With the Republicans posing much more of a threat to the Democrats today than 10 years ago, Mr. Brooks said he believes partisan politics, not racial considerations, will dominate 2001 redistricting.
"We can draw (districts) based on party affiliation, but not race," said Mr. Brooks, chairman of the Georgia Association of Black Elected Officials. "The court has left the door wide open. The sky's the limit when it comes to fighting based on party affiliation."
State Labor Commissioner Michael Thurmond, who headed the Legislative Black Caucus during the 1991 redistricting, said the electoral success he, Attorney General Thurbert Baker and other blacks have enjoyed in recent years demonstrates that they can win without contriving majority-black districts.
"The future of politics isn't in majority-black districts," Mr. Thurmond said. "It's in blacks getting elected in districts with diverse constituencies."
But racial politics aside, the population patterns of the past decade still work to the Republicans' advantage, said Doug Bachtel, a demographer at the University of Georgia.
He said the most dramatic growth has occurred in the suburbs around Atlanta, populated by middle- and upper-income families from other parts of the country who have brought their Republican voting habits with them, and in the mountains of North Georgia, full of well-to-do retirees who grew disenchanted with Florida.
State Republican Chairman Chuck Clay says the GOP is a shoo-in to pick up the 12th congressional seat Georgia is bound to gain after reapportionment, a district that is expected to be carved out of affluent suburbs north of Atlanta.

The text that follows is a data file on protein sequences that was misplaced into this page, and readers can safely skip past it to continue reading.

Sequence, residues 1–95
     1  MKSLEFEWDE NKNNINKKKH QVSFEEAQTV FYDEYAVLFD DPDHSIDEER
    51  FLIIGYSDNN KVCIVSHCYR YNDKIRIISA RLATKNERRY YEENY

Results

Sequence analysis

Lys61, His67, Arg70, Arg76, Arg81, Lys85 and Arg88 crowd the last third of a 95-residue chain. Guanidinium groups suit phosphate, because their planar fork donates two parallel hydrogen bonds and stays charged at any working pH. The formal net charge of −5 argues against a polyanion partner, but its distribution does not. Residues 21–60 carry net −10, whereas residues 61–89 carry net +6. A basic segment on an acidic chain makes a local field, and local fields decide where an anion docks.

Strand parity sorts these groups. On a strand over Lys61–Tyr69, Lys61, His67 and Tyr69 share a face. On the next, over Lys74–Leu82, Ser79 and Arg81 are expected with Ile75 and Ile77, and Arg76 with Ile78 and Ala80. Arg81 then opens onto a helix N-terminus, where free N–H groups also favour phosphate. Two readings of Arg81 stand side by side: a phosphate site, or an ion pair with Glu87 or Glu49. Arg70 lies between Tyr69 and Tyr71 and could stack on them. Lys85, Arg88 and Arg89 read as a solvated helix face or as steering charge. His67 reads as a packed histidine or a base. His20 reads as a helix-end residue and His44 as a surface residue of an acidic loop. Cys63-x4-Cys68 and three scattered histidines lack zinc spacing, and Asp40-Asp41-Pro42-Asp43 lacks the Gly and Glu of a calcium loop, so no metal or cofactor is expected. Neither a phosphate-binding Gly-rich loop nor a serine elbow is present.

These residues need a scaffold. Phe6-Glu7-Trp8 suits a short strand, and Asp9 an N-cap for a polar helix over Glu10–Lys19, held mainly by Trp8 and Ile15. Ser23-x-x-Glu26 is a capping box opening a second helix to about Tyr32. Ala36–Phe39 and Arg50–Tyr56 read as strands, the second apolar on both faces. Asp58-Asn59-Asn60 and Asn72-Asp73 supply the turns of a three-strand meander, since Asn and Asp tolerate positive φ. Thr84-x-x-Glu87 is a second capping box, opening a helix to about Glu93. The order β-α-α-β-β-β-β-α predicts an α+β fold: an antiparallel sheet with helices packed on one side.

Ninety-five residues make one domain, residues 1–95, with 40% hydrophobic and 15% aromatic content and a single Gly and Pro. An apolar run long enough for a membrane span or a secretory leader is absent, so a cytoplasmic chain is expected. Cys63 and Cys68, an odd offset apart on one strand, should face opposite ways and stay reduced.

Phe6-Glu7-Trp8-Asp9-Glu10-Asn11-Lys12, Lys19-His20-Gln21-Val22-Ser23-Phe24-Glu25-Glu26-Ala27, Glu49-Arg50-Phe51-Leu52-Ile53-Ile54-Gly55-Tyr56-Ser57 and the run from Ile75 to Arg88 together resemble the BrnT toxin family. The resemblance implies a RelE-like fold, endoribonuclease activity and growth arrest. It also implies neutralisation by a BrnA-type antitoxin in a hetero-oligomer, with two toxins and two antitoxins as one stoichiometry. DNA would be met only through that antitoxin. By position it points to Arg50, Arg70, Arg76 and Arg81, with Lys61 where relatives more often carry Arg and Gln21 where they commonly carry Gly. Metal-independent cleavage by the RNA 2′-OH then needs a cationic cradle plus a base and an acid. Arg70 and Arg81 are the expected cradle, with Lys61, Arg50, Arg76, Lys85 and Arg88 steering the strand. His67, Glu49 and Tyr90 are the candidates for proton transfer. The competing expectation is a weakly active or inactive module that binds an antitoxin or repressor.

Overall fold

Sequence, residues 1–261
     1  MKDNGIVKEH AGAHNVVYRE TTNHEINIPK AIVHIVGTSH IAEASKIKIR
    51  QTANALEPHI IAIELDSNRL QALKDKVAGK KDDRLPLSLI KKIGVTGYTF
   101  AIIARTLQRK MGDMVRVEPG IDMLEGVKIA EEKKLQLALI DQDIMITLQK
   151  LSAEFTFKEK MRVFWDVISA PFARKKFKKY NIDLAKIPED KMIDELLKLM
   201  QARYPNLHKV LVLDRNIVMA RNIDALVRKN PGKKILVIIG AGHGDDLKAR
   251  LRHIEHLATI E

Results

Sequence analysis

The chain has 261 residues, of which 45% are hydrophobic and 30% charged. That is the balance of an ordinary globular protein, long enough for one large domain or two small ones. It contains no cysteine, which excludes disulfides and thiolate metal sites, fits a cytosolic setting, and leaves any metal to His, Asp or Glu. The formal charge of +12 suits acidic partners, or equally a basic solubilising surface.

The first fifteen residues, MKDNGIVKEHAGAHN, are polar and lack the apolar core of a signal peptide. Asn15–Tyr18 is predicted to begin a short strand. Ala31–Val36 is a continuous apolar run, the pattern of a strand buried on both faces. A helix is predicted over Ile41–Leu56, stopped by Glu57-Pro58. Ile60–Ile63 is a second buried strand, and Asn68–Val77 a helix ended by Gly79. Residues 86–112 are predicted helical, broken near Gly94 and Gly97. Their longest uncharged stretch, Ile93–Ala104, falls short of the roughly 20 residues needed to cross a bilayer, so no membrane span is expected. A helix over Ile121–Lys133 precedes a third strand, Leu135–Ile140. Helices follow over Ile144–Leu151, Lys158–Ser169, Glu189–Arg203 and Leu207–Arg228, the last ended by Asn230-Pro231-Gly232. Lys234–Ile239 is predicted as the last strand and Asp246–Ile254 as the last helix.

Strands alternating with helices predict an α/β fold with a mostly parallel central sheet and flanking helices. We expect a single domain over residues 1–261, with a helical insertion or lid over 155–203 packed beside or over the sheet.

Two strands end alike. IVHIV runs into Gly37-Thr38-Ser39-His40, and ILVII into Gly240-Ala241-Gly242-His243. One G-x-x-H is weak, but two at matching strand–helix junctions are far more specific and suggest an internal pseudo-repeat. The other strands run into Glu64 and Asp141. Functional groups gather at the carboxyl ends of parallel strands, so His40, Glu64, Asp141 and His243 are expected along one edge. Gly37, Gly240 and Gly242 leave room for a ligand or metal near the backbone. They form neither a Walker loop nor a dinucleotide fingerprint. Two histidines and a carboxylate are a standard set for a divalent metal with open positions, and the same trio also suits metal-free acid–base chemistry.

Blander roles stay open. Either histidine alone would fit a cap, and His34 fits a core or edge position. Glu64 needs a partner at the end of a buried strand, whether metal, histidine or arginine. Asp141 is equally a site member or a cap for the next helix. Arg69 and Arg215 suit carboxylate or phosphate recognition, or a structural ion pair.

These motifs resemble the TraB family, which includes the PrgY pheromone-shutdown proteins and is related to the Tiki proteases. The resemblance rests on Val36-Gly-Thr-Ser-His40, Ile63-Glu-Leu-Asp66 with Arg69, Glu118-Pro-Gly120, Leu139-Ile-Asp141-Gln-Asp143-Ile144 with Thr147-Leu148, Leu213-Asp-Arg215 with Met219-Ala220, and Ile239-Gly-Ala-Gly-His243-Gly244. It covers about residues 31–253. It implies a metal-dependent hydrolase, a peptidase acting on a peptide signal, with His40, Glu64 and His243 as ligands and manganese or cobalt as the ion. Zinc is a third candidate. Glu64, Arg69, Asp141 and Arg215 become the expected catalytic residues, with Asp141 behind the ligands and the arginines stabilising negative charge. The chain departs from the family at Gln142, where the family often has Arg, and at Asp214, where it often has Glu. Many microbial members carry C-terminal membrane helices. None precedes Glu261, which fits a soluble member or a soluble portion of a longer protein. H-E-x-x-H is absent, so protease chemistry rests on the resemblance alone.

But Mr. Kirincich said the success of Democratic Gov. Roy Barnes in addressing issues of major concern to suburbanites - including education, transportation and air quality - should cut into Republican strength in those areas. In 2002, the first election following redistricting, Mr. Barnes is expected to head his party's ticket as he seeks a second term.
"The Republicans' less-government philosophy isn't going to play in the suburbs," Mr. Kirincich said. "People want the government to help solve these problems."
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The general public may attend this weekend's state Republican convention at the Savannah International Trade and Convention Center on Hutchinson Island by paying a $40 fee, good for admission to the convention floor. Tickets to the annual dinner Friday night, to be held at the center's Chatham Ballroom, will cost $50 per person. Tickets to the Chairman's Breakfast on Saturday morning in the same location will cost $40 per person.
Here is a look at the schedule for the two-day convention:
2 p.m.: Education program, First Call to Order by Georgia Republican Chairman Chuck Clay, with welcoming remarks by Ellis Cook, mayor pro tem of the Savannah City Council. Afternoon speakers will include state School Superintendent Linda Schrenko, Georgia Insurance Commissioner John Oxendine, Senate Minority Leader Eric Johnson of Savannah, House Minority Leader Bob Irvin of Atlanta and Chatham County Sheriff Al St. Lawrence.
5 p.m.: Convention recesses for the day
6 p.m.: Reception with Georgia's Republican congressmen, Georgia International Gallery
7 p.m.: Convention dinner with guest speaker Ralph Reed, Atlanta-based political consultant and former executive director of The Christian Coalition
8:30 a.m.: Chairman's breakfast with guest speaker Alan Keyes, Republican presidential candidate
10 a.m.: Convention reconvenes. Speakers will include U.S. Sen. Paul Coverdell, all eight Georgia Republican congressmen, former Attorney General Michael Bowers and state Rep. Anne Mueller of Savannah. As the last order of business before adjourning at approximately 5 p.m., delegates will elect a committeeman, committeewoman and at-large delegates to this summer's Republican National Convention in Philadelphia.